What’s Happening in German-Speaking Europe?

Scanning the globe (in several languages), it appears that something’s up in German-speaking Europe – and we believe the media has missed it.

This blog prides itself in helping the avid follower of Iran-related issues to understand the bigger picture.  For try as it may, day-to-day coverage has its limitations – that’s why the media needs our help.

Consider these:

Tehran is allegedly exploiting Austrian banks to bypass sanctions.  Deutsche Bank is under investigation for breaking sanctions. German-Iranian trade is booming.  An Austrian and German (who called sanctions “stupid,” as was reported in the German-language press) were among a mere five European Parliament  members who insisted on visiting Iran two weeks ago – before Tehran cancelled on them.  A Der Spiegel report has highlighted Germany as a “focal point of procurement” for Iran’s nuclear program.  According to The Washington Post, the vast majority of the 20,000 tourists who visit Iran for non-religious reasons come from Germany (or China).   And Switzerland (admittedly not an EU member state) is reportedly pushing back on sanctions.

Of course, none of these are ostensibly “government” activities – and to be fair, both the German and Austrian governments have been clear on their support for strengthening sanctions. Nevertheless, is it possible they are conveying mixed signals?

Consider this: A German parliamentary delegation that refused to take its cue from the EP delegation and went ahead with its plans to visit Iran, met inter alia with Mohammad Javad Larijani (head of Iran’s so-called High Council for Human Rights) – the same Larijani who seemingly minutes after the departure of the UN secretary general from Iran called his special  rapporteur for human rights in Iran “irrelevant“.

And what did Larijani tell the Bundestag members? He countered their human rights message by criticizing Europe for using it as “a political tool“.

Meanwhile, German Foreign Minister Guido Westerwelle found time on the margins of the UN General Assembly to meet with his Iranian counterpart Ali Akhbar Salehi.  This same EU-sanctioned Salehi – who a week  before embraced Assad the butcher in Damascus – then chose Germany as his stop-over choice en route back to Tehran.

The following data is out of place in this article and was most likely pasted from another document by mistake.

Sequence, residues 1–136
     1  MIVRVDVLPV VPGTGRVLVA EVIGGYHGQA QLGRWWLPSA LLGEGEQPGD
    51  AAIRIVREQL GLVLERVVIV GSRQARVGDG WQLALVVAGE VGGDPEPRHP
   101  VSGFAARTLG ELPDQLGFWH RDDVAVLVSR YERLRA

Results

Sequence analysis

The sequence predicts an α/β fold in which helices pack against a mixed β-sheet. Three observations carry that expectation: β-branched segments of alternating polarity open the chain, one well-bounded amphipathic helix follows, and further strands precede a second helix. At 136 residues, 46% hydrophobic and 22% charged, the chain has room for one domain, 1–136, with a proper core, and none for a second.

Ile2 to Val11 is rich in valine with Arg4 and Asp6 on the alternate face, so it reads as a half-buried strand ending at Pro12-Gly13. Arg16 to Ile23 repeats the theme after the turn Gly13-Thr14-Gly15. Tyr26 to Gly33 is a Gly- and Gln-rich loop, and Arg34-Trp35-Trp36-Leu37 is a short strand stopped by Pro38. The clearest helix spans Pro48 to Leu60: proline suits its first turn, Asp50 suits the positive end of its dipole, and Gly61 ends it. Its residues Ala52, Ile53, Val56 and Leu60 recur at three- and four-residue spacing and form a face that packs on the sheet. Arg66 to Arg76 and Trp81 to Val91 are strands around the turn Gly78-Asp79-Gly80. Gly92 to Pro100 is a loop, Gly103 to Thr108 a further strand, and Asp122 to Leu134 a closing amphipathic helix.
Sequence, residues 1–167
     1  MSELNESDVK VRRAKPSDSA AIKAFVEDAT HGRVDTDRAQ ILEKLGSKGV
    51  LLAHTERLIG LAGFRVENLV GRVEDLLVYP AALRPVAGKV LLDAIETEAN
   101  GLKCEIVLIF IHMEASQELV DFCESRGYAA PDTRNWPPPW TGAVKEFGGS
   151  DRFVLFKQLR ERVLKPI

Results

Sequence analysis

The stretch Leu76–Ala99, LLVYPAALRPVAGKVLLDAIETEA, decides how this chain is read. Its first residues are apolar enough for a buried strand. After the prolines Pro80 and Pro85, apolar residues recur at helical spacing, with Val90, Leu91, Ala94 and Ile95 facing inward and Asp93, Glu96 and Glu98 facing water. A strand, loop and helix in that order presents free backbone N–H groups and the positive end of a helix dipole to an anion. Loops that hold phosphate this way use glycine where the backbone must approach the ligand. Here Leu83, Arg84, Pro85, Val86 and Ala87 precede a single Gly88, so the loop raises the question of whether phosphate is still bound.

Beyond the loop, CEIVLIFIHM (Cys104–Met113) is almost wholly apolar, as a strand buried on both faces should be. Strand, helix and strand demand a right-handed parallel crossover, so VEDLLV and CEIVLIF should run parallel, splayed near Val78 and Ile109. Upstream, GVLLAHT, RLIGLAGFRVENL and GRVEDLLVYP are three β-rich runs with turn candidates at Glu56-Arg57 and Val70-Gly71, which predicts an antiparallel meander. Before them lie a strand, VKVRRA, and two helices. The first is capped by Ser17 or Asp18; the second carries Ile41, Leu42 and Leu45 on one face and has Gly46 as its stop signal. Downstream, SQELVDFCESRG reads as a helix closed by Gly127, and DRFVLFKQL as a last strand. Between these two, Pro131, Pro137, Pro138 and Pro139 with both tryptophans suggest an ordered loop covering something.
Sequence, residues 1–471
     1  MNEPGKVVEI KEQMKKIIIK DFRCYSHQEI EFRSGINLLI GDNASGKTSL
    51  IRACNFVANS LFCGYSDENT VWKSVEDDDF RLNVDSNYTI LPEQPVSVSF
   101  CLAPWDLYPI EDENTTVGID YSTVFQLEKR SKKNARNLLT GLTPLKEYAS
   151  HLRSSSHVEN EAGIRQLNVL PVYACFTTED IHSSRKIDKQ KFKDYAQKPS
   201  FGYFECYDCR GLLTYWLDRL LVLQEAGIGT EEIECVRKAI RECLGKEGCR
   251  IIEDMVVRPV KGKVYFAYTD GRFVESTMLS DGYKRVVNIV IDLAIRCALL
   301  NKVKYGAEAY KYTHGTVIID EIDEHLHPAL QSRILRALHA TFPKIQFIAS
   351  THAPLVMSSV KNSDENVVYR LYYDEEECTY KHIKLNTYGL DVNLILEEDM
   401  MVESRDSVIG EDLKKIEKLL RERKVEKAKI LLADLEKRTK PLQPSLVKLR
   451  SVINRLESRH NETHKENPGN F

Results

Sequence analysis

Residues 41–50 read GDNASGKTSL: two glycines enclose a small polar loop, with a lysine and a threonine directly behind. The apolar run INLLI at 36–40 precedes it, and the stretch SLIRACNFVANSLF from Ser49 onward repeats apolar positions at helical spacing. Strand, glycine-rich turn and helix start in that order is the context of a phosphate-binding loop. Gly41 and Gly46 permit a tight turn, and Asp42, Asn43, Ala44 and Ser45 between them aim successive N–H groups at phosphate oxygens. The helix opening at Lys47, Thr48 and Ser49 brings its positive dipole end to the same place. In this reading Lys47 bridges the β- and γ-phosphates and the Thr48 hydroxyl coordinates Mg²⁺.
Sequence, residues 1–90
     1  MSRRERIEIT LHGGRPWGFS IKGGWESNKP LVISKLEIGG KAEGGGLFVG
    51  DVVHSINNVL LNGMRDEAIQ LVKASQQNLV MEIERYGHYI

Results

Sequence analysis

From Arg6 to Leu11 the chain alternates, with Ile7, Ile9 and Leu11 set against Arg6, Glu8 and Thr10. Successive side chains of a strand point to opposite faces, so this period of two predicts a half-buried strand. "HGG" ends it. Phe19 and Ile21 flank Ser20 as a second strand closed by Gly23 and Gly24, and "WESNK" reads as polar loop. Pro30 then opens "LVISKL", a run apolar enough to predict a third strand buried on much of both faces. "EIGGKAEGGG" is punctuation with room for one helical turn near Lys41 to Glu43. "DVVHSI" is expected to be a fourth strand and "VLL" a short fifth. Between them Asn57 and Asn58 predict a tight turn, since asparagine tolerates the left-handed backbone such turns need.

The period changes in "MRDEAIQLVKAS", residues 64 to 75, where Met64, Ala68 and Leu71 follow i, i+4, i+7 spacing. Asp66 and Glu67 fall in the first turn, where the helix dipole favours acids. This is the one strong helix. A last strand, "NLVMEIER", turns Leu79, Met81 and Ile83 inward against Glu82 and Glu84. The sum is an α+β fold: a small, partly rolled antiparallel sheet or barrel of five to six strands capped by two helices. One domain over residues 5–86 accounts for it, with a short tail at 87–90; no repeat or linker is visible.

Reasonable to assume that Westerwelle was in the know about this.

Now, unlike in Iran, it doesn’t matter to this blog whether he’s heterosexual, homosexual, bisexual, metro-sexual, or asexual.   This blog however does find it incredibly hypocritical of those Germans – particularly an openly gay minister – who think that gay rights are something that should be embraced at home, while ignored abroad.

Dan Littauer’s superb article about homosexuality and homosexuals in Iran is worth a read in its entirety. He opens with this:

“The Iranian speaker of parliament equated gays with barbarism and questioned if the UN is seeking the legalization of homosexuality in his country.”

He goes on to note that:

According to a report by Mehr News Agency, Mr. Larijani shared with the audience the story of a meeting with one of the European foreign ministers, saying that, ‘one of the foreign ministers that we met with was a faggot. Now what should have we done?

‘Should we have refused to meet with them [because of their homosexuality]?
‘In the international arena, we have to pursue our national interests.’

Larijani’s comment was probably a reference to February 2011 visit by openly-gay German foreign minister, Guido Westerwelle, to Tehran, in which he met with Iran’s President, Ahmadinejad.

Westerwelle was widely criticized, at the time, for having not raising the plight of LGBT people in Iran in his meetings, and deliberately leaving his partner in Germany as to avoid any potential conflicts. 

Despite this downright disgusting attitude towards one of Europe’s most respected leaders, Westerwelle and other politicians continue their dead-end dialoguing. As the private sector picks up this subtext from the political echelon, no wonder it’s causing an apparent spillover into Europe’s wider German-speaking sphere.

This is what the media missed.  A pleasure to help!

Follow me on Twitter http://twitter.com/IranMediaFocus  @IranMediaFocus

Blogging & updating on #Iran related news- focusing on Politics, Human Rights & the Iranian nuclear Program. Followed by top Middle East Analysts, Reportes & think tanks.

Tagged with: , , , , , , , , , , , , , , , , , , , , , , , , , , , , , , ,
Posted in CNN, Other News
11 comments on “What’s Happening in German-Speaking Europe?